"This is not about politics, this is about common sense," Curran said Thursday on “Fox & Friends,” adding that she's "fighting" to change the law and having "constructive conversations" with state leaders.
“I represent and I’m in charge of one ever the biggest suburban counties in the nation," she told host Brian Kilmeade. "We have historic crime lows. We have wonderful law enforcement and we want to make sure that we’re keeping our communities safe and we have common-sense changes.”
Under previous New York law, prosecutors would determine whether to make a bail recommendation or agree to have the defendant released on their own recognizance. The case judge would then make a determination.
Under the new law, courts are prohibited from setting any monetary bail or keeping defendants in custody before trial in almost every type of misdemeanor case, and for a long list of felonies as well.
Curran said on “Fox & Friends” that judicial discretion is important and should not have been taken away under the new law. She then referenced reports that a suspected serial bank robber robbed a New York City bank the day after he was released from jail.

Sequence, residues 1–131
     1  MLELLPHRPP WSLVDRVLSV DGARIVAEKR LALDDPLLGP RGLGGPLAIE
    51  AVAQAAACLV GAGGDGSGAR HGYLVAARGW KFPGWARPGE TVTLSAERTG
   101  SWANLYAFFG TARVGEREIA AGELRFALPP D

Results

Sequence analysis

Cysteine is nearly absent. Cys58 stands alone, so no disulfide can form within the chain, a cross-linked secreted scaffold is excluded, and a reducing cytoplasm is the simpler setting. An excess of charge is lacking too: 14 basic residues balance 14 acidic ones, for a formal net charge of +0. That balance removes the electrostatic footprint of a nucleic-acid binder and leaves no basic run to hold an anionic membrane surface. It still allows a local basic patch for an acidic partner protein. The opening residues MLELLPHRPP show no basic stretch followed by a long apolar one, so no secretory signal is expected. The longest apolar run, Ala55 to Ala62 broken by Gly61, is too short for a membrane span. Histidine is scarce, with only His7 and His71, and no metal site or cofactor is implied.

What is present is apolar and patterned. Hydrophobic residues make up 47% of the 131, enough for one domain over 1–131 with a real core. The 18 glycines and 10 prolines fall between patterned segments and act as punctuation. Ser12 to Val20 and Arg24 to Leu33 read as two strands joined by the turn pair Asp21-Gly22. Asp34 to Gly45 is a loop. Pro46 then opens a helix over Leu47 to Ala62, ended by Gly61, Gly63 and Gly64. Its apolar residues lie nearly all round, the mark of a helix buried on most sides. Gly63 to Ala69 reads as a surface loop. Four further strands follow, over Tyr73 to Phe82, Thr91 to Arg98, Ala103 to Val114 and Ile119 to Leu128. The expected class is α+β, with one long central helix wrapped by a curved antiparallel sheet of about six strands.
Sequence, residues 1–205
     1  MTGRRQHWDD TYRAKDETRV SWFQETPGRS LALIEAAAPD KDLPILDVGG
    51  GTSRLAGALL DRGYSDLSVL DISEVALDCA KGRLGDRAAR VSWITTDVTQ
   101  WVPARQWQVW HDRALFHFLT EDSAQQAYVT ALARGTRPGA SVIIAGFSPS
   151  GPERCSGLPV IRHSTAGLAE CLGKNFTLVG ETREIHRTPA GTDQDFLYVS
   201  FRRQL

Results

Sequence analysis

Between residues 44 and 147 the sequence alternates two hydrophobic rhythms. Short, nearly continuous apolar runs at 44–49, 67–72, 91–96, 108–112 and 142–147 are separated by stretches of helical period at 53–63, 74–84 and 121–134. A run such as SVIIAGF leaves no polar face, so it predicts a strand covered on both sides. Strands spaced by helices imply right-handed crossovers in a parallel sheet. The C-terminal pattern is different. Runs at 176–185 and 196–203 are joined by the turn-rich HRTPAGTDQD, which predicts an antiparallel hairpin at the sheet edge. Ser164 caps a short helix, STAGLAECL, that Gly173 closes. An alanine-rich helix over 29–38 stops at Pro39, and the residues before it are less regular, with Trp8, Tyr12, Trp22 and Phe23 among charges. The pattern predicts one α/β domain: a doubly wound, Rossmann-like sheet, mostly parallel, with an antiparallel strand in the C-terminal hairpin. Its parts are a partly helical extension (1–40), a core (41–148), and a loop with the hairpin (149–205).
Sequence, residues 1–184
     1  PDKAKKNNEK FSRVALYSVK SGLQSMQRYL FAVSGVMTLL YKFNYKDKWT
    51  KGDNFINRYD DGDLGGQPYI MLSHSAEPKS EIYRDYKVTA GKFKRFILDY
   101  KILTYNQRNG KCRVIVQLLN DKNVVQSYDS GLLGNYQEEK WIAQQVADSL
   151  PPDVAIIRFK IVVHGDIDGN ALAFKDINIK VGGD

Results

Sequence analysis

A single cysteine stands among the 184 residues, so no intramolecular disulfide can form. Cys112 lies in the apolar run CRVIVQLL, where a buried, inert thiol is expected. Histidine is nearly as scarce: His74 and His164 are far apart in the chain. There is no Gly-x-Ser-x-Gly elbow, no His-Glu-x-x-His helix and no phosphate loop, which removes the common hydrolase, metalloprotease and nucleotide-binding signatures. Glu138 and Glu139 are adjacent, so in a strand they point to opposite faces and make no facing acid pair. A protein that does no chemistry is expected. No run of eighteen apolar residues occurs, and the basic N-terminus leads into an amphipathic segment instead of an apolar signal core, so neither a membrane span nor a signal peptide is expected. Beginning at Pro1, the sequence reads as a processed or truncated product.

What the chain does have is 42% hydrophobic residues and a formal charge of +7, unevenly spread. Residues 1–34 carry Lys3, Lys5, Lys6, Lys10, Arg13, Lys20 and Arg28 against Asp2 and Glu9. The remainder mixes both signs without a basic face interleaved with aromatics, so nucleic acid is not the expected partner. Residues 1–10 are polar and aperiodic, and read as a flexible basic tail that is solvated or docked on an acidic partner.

“If this guy is coming before the same judge over and over and over, shouldn’t that judge have the ability to decide whether this guy is a danger?” Curran asked.
New York City Police said the suspect passed a note to the teller and fled on foot with about $1,000. The New York Post reported that because he allegedly robbed the banks without using a weapon, no New York jail can hold him, no matter how many times he commits the crime.
Curran explained why cases like this one show that the new law is a problem.
“It’s clear that it needed reform, when you have a young man who allegedly stole a backpack sitting in Rikers Island for three years because he doesn’t have $500, clearly there’s a problem,” Curran told Kilmeade regarding previous New York law.
“However, I think it was way too much all at one time."
She brought up an example of someone who would not need to post bail when arrested under the new law.
“If you sell five kilos of cocaine, again no bail. If you’re [arrested for] DWI and a child who is a passenger in the car dies, no bail,” she said. “Let’s take a common-sense approach. Let’s look at these.”
Fox News’ Ronn Blitzer contributed to this report.